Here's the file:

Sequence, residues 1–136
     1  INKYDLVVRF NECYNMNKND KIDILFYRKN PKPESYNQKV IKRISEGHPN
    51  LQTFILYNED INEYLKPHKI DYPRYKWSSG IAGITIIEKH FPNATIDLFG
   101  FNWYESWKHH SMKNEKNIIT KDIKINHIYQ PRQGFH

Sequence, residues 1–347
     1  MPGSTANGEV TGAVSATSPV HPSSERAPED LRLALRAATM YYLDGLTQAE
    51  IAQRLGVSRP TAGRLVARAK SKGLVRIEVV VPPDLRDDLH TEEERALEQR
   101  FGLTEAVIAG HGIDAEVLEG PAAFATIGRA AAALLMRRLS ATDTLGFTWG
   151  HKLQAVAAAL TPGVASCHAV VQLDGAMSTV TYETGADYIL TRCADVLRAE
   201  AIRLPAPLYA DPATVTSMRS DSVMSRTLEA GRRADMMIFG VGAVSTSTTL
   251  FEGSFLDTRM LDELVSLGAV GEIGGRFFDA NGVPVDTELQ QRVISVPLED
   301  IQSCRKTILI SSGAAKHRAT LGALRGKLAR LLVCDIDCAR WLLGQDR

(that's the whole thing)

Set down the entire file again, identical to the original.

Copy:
Sequence, residues 1–136
     1  INKYDLVVRF NECYNMNKND KIDILFYRKN PKPESYNQKV IKRISEGHPN
    51  LQTFILYNED INEYLKPHKI DYPRYKWSSG IAGITIIEKH FPNATIDLFG
   101  FNWYESWKHH SMKNEKNIIT KDIKINHIYQ PRQGFH

Sequence, residues 1–347
     1  MPGSTANGEV TGAVSATSPV HPSSERAPED LRLALRAATM YYLDGLTQAE
    51  IAQRLGVSRP TAGRLVARAK SKGLVRIEVV VPPDLRDDLH TEEERALEQR
   101  FGLTEAVIAG HGIDAEVLEG PAAFATIGRA AAALLMRRLS ATDTLGFTWG
   151  HKLQAVAAAL TPGVASCHAV VQLDGAMSTV TYETGADYIL TRCADVLRAE
   201  AIRLPAPLYA DPATVTSMRS DSVMSRTLEA GRRADMMIFG VGAVSTSTTL
   251  FEGSFLDTRM LDELVSLGAV GEIGGRFFDA NGVPVDTELQ QRVISVPLED
   301  IQSCRKTILI SSGAAKHRAT LGALRGKLAR LLVCDIDCAR WLLGQDR